The imposing Palazzo Pitti in Florence contains many treasures. An overwhelming number of them are at the Palantine Gallery, the royal apartments from Medici to the Lorraine to the Savoy families, and briefly was the seat of the Italian king when Florence was the capital of the newly minted Italy.
In short, the Palantine Gallery is a condensed and an intense historical imprint of centuries of unfathomable wealth, power and international connoisseurship. The decor, collection and valuable objects are displayed as they would be when the monarchs were living there — all jumbled up and arranged to translate the sense of spectacle of riches the palace used to be.
It has, among other things, the largest collection of paintings by Raphael, important pieces by Titian, A Sleeping Cupid by Carravagio and a powerful Rubens. The portraits of reigning families preside over luxuriously draped walls, whilst each ceiling is a masterpiece of frescoes or grisaille or stucco. The floors change from terracota tiles inlaid with stones to hand-painted ceramics. The walls are filled with hidden doors through which servants and monarchs would make their escapes, and tables and cabinets are made of rare ebony and pietro duro.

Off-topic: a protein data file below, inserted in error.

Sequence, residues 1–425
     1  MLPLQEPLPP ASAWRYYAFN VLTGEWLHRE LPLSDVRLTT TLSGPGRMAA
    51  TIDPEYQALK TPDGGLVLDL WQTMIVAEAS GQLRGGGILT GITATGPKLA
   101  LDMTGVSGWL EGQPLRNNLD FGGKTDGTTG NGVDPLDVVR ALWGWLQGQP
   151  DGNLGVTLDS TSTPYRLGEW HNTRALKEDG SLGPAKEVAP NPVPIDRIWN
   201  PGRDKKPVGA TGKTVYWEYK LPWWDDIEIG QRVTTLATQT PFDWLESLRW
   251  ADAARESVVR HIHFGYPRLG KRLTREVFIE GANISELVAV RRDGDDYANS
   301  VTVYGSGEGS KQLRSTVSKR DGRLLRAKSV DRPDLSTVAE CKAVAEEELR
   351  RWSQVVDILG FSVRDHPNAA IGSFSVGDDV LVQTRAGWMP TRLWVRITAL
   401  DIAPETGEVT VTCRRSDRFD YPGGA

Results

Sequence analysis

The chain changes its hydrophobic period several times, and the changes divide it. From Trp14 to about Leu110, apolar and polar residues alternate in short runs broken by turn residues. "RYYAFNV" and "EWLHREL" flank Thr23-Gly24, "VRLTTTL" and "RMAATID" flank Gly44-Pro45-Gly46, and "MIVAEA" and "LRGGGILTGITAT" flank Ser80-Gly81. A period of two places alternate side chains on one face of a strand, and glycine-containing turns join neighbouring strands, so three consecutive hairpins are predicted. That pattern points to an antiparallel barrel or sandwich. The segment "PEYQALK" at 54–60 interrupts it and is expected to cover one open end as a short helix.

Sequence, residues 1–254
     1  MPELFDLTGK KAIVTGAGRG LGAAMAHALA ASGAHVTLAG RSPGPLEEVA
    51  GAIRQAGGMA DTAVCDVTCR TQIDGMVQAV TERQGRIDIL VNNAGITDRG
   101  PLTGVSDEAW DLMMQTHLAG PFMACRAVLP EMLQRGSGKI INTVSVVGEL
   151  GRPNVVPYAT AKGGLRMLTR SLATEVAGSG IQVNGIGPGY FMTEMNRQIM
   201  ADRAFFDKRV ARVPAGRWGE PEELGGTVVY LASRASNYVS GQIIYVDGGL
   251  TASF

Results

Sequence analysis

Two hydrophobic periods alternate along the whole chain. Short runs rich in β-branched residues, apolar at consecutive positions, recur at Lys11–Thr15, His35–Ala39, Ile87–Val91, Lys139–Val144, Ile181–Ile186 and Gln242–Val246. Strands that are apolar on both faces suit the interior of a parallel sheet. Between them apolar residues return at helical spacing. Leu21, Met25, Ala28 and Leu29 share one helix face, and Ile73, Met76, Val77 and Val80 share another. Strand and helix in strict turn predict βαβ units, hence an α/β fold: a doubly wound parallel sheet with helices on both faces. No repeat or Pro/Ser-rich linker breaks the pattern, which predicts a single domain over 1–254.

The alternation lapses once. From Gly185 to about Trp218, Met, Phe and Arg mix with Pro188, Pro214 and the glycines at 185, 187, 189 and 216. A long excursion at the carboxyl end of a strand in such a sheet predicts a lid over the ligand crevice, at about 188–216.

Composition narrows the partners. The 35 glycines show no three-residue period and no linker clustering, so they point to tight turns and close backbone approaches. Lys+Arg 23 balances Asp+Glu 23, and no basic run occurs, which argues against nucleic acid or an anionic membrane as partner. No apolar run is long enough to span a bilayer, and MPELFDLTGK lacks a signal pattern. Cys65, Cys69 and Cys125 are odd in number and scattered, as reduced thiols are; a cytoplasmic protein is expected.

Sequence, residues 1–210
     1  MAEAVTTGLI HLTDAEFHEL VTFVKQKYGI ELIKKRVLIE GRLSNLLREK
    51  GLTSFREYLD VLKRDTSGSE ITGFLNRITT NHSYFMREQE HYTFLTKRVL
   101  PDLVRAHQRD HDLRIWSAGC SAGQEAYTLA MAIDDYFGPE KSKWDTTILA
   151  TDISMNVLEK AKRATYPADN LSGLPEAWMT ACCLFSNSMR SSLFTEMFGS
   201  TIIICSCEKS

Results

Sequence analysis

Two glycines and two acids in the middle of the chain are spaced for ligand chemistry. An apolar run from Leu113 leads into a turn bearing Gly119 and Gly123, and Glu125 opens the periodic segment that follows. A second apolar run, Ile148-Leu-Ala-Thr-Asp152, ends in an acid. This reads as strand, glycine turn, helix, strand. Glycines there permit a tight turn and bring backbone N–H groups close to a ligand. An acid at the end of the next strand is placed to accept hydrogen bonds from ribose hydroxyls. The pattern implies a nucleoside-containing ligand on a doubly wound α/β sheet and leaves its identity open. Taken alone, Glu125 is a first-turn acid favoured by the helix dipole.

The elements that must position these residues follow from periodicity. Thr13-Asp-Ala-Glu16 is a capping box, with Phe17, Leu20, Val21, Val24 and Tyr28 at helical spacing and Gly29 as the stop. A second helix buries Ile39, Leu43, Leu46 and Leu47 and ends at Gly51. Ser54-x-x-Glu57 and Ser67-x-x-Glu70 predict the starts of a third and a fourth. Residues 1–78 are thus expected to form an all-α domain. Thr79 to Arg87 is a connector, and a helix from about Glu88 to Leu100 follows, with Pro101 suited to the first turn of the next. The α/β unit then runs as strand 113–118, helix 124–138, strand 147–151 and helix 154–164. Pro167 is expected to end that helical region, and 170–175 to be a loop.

To sum it up, this is the splendour at its peak. Go in the late afternoon when the crowds are at their ebb, and if you are lucky it will be just you, a few Raphaels and a glamorous Florentine elderly gallery assistant in the halls of Saturn, Ulysses and Prometheus.